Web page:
By C. Todd Lopez
WASHINGTON (Feb. 13, 2013) -- On Capitol Hill Feb. 13, the Army's chief of staff told lawmakers in very clear terms what budget reductions under sequestration would do to Soldiers and Army readiness.
"It has grave consequences and immediate readiness impact on our forces," Chief of Staff of the Army Gen. Ray Odierno told members of the House Armed Services Committee.
For those not serving now in Afghanistan or those not forward-based in Korea, budget cuts will mean that they are not getting the training they need to go into the fight if called upon to do so, the general said.
"We will curtail training for 80 percent of our ground forces," he said. "This will impact our units' basic war-fighting skills, and induce shortfalls across critical specialties, including aviation, intelligence and engineering -- and even our ability to recruit new Soldiers into the Army."
Soldiers in Afghanistan now, he said, were trained for that deployment. Those who are getting ready to go -- they too are trained and ready. But there will be no money to adequately prepare the next set of Soldiers who are meant to go.
"We will see a slow degrade in our readiness," he said. "We will respond, [but] they will not be as ready as we like them to be and the cost will be in lives."
Not only will Soldiers miss out on critical, life-saving training, but the skill set in the Army to train Soldiers will also be lost. Without the funding to provide the opportunities for experienced Soldiers to pass their skills on to inexperienced Soldiers, skill sets and knowledge of standards will be lost, until that knowledge is all but completely gone from the Army.
That erosion of corporate knowledge will get worse as time goes on, Odierno said.
"It'll be worse a year from now than it is today," he said. "It'll be worse two years from now than it is a year from now. It will slowly degrade over time. It becomes risky. And then you find yourself in a hollow force -- one that is not capable of doing the missions we are going to ask them to do."
Right now, Odierno said, there is already a training deficiency in the force. The Army would like to train Soldiers with the ability to work and coordinate with commands up to the battalion level. But that is not the case today, he told lawmakers.
"Their proficiency, although still good, is not where we would like it to be," he said. "Because of these training reductions, right now we believe we are down to about squad-level capability for fiscal year 2013, for example. So that means you're only going to train up to the squad. When you have to deploy somewhere, your ability to coordinate and execute has not been trained. That puts lives at significant risk."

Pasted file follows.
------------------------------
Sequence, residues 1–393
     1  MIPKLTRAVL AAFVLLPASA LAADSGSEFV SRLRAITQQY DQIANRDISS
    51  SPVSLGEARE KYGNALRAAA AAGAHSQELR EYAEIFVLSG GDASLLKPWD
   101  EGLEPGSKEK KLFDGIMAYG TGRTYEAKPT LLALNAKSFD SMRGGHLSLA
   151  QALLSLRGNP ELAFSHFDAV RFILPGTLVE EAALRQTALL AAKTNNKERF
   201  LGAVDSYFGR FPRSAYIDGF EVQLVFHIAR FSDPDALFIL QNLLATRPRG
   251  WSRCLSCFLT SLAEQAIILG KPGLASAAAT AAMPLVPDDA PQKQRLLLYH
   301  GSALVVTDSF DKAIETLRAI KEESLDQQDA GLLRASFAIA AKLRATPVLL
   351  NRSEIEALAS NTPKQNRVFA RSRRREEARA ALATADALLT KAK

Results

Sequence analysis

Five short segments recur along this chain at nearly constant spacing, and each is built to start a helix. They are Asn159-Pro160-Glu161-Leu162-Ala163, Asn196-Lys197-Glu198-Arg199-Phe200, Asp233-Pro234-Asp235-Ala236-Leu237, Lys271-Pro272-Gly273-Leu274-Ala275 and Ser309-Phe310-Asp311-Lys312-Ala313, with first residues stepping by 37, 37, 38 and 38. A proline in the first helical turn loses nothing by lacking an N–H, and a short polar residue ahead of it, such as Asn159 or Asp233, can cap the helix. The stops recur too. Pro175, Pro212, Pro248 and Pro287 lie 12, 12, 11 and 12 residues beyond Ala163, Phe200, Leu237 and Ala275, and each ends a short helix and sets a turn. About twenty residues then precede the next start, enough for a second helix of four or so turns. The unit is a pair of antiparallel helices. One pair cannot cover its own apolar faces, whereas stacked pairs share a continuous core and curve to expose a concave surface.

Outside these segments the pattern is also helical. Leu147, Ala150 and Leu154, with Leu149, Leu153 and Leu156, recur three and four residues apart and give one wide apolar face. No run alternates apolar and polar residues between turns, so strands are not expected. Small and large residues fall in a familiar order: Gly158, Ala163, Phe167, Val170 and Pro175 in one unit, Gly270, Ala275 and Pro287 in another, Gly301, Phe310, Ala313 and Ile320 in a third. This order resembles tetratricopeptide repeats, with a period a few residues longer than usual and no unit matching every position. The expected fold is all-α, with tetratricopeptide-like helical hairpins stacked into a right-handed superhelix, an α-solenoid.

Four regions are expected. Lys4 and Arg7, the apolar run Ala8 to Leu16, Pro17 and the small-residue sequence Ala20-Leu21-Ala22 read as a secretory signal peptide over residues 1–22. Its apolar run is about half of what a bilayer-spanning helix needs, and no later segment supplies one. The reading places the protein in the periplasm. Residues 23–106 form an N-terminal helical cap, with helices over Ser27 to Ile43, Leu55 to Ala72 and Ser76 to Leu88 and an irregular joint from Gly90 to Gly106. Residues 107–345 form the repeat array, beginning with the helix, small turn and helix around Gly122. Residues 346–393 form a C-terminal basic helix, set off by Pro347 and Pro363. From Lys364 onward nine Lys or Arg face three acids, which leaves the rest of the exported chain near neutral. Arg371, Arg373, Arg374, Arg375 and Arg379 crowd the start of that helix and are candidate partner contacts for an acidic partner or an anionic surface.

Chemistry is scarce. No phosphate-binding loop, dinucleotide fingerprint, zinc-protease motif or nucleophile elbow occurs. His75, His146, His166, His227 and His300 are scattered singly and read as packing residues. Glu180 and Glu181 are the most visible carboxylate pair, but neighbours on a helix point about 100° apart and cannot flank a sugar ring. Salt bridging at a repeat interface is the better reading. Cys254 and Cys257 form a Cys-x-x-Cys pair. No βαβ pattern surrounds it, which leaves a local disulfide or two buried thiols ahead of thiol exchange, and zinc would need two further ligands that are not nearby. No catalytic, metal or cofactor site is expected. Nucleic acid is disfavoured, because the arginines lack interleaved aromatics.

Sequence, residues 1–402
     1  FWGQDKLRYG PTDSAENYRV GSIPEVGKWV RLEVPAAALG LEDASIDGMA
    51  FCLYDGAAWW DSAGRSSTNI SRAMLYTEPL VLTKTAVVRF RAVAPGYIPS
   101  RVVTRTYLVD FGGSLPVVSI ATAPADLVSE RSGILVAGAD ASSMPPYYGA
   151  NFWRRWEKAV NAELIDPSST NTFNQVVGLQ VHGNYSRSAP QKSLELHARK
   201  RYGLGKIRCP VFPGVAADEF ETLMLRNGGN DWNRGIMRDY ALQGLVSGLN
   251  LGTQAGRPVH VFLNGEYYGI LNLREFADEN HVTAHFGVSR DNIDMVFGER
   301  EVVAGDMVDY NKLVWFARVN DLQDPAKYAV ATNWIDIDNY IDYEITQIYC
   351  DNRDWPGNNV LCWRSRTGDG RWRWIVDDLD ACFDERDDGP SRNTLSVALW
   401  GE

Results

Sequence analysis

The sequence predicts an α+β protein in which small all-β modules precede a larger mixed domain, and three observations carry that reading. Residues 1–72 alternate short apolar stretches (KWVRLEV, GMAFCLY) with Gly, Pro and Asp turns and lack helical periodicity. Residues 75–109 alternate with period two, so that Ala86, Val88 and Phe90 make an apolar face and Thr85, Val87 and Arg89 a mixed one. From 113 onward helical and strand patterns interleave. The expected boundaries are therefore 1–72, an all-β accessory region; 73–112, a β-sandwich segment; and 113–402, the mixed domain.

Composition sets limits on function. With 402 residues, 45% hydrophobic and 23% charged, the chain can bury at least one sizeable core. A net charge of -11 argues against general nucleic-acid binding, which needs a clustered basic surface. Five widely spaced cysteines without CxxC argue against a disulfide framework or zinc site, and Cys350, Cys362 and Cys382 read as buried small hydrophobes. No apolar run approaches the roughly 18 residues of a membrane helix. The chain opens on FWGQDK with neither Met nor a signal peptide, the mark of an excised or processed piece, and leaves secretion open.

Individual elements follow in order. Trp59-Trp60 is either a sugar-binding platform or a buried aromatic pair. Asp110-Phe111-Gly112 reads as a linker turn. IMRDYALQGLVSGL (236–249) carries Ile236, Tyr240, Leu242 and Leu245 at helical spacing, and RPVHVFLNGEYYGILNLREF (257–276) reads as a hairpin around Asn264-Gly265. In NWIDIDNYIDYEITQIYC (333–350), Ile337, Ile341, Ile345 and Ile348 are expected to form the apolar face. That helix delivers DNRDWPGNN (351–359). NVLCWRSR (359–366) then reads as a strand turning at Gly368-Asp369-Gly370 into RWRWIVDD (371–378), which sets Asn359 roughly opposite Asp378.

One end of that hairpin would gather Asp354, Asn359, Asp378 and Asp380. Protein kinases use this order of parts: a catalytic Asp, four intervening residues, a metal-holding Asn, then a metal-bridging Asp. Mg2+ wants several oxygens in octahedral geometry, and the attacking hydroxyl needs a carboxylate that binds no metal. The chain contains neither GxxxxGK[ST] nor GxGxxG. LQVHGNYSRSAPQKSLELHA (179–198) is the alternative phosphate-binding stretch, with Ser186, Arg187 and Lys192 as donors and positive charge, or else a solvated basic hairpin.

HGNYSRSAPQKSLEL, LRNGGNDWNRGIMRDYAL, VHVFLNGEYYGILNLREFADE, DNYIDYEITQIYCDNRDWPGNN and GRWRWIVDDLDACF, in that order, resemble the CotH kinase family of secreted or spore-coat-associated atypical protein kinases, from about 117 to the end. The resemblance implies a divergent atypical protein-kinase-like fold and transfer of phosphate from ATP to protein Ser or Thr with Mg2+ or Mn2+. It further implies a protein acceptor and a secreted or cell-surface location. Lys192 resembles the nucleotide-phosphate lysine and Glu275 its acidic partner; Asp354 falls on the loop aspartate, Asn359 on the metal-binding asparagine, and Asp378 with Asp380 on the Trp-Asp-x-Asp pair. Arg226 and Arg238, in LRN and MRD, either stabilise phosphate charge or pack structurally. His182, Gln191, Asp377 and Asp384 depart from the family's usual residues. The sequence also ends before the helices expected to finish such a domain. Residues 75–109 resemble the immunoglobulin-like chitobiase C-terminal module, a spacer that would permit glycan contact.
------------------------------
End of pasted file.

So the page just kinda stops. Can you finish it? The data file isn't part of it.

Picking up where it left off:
If funding for aviation training is reduced, he said, it will hinder the ability of pilots to perform in environments like Afghanistan, where flying conditions are difficult and dangerous.
"They will go in there with a hell of a lot less capability," he said. "That means mistakes will be made. That means we will have accidents, or that means they will be more likely to be shot down by enemy fire."
That increase in risk, due to a cut in training, doesn't just spell out a danger to pilots, but also to their passengers, Odierno said. It also means limiting the kinds of missions that aviation can perform, and the kinds of missions that can be performed that depend on aviation support.
"So across a broader range, you lose your broader capability to conduct the type of operations that are necessary for us to be successful," he said.
Both infantry training and aviation training are critical to the Army and the missions it conducts. But also important are the critical combat support functions like logistics. With the budget reductions that will come with sequestration, he said, new budget prioritization might mean logistics Soldiers also do not get the training they need, to run convoys for instance.
"All of those things now come at risk and ultimately those all result in the loss of life and the loss of capability we have," Odierno said.
The general told lawmakers that force reductions and loss of training will result in a hollow force, something he said he has seen in the past.
"All of us have experienced the Army post-Vietnam," he said. "It is one that was under-resourced, one that was under-trained, one that lacked appropriate equipment, was not ready, and lacked discipline. We cannot allow careless budget cuts to bring us there again. I began my career in a hollow Army, I am determined not to end my career in a hollow Army. We owe that to the young men and women who are willing to raise their right hand and defend this country."